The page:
So anyway, I’m a sucker for a bracha from the Rav, and when one of my daughter’s announced she had organized a bake-off in our (small…) home for 10 of her best teenage friends that same night, I took it as a sign that if we wouldn’t go for the carrot, we should probably go to avoid the stick.

My husband agreed, and we set off.

There was just one problem: We had no idea where we were going. It said on the website the heichal hatarbut in Beer Sheva central, but then someone else told me it was at the Narnia halls. So I printed off both sets of Google Maps, and we headed off into the night.

The heichal hatarbut was completely deserted when we got there. My husband mumbled: “There’s not enough payot here for this to be the place” and truly, there wasn’t so much as a pay in sight. So we got a bit lost, and then after a bit of aimless driving we found ourselves outside the Narnia halls of Beer Sheva.

There were a couple of cars full of payot-ed people waiting outside, and when my husband waved his payot at them, they came over and gave us directions to the new venue for the Rav Berland meet. We’ve been with the Rav long enough now to know there’s nearly always a surreal twist waiting in the wings somewhere.

That’s part of what I love about Rav Berland, it’s never dull.

So we got a bit lost again, then found ourselves in the hard-core industrial estate of Southern Beer Sheva, in what looked to be the courtyard of a tile warehouse. They’d set up two big white tents – one for men, and one for women, and us being anglos, we were among the first 20 people there.

I wondered to myself why they’d downscaled so radically, from the heichal hatarbut to the tile factory in the industrial area, but I’d only find that out later. Rav Succot was there strumming his guitar, and there was also a small band with a guy on electric guitar that rocked the place.

The only thing I love more than a bracha from a Tzaddik is hearing a great electric guitar riff live, so I was thrilled. There was one toilet between 400 people, so I got in there early, while it was still usable, and waited for the Rav to arrive.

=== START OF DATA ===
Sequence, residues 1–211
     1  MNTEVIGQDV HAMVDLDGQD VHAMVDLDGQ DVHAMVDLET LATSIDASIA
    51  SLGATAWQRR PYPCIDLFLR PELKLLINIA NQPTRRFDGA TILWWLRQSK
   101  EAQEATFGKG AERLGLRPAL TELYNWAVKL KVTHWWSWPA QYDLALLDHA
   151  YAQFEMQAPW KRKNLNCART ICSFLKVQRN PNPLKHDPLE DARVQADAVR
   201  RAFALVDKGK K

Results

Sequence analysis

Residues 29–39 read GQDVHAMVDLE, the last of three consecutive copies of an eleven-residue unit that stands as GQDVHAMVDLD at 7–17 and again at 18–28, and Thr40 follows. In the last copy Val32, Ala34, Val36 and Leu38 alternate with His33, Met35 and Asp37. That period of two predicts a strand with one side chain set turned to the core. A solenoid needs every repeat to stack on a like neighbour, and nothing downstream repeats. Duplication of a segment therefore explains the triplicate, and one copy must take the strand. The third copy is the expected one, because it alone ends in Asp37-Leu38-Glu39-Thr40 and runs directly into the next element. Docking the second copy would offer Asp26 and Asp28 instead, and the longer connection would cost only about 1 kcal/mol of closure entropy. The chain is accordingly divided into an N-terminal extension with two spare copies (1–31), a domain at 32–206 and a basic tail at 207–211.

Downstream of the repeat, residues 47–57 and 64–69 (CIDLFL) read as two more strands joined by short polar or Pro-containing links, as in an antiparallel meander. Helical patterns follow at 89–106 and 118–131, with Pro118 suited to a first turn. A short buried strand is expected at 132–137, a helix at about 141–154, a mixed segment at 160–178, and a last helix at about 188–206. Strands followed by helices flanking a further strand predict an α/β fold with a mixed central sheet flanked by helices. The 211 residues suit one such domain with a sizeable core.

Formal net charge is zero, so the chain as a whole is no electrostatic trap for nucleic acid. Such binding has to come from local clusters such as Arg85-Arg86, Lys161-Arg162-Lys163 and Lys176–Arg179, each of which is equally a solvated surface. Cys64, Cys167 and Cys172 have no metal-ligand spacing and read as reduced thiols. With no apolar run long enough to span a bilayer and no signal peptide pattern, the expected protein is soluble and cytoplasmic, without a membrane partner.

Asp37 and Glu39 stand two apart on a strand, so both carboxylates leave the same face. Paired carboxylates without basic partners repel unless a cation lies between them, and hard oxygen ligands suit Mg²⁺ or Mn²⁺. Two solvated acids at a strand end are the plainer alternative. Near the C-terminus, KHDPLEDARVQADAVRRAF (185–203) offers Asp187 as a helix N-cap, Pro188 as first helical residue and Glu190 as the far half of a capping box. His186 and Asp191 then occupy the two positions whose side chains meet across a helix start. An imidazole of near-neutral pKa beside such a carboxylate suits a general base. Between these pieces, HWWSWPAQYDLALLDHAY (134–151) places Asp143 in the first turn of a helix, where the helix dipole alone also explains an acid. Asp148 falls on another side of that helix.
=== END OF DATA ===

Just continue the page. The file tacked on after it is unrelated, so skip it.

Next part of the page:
And waited. And waited.

In the meantime, one of the ladies next to me told me some protesters had showed up outside on the street. I went to look, and saw around 7 shouting women (one with a bull-horn), 2 ‘artistic’ looking men and a bunch of signs decrying the terrible thing being done to the visitors of Beer Sheva.

There were five cops there, looking bored and a bit bemused, and it wasn’t really clear to me if they were there to protect the 10 protesters from the ‘terrible, violent and threatening cultish followers of Rav Berland’ – as the secular press undoubtedly described all us ladies with our knitted hats and scarves on our heads, and strollers, and the ‘cultish, brutish’ people like my sweet, gentle husband, who must be ‘bad’ because he has payot and doesn’t use Facebook – or vice-versa.

Try as they might to make their point, they were no match for the guy on the electric guitar, and he started whacking out some Uman anthems so loudly it was like being a frum Guns n’ Roses concert.

I loved it!

It was about a 60th of Uman, when all these different types of Jews get together and just dance, and chill and hang, and no-one cares who’s wearing a kippa or not, or how long your skrit is, or even if you’re wearing a skirt.

Ah, Uman.

So, that continued for around three hours, until the Rav finally made it into the courtyard, and started singing niggunim with the crowd. At that point, me and my husband left to come home. I usually go to sleep at 10, and it was easily pushing midnight.

I reckon around 400 people showed up, all told, and again, I wondered why they’d moved it from the heichal hatarbut, and then moved it again from Narnia.

Today, I found out.

That little band of protesters had been whipping up a huge storm on Facebook, which seems to be the lashon hara and anti-tzaddik social media tool of choice for crazy psychos with axes to grind against religious Jews.

Apparently, the fact that the Rav was drawing bigger and bigger crowds had got up their nose, and they did what the liberal peace n’ love crowd excel at the most, i.e. borrowing tactics from the Third Reich to close down and eliminate anything that they don’t agree with. They waged a hate campaign against the Mann auditorium in Beer Sheva and threatened all sorts of reprisals until the manager caved in and cancelled the event.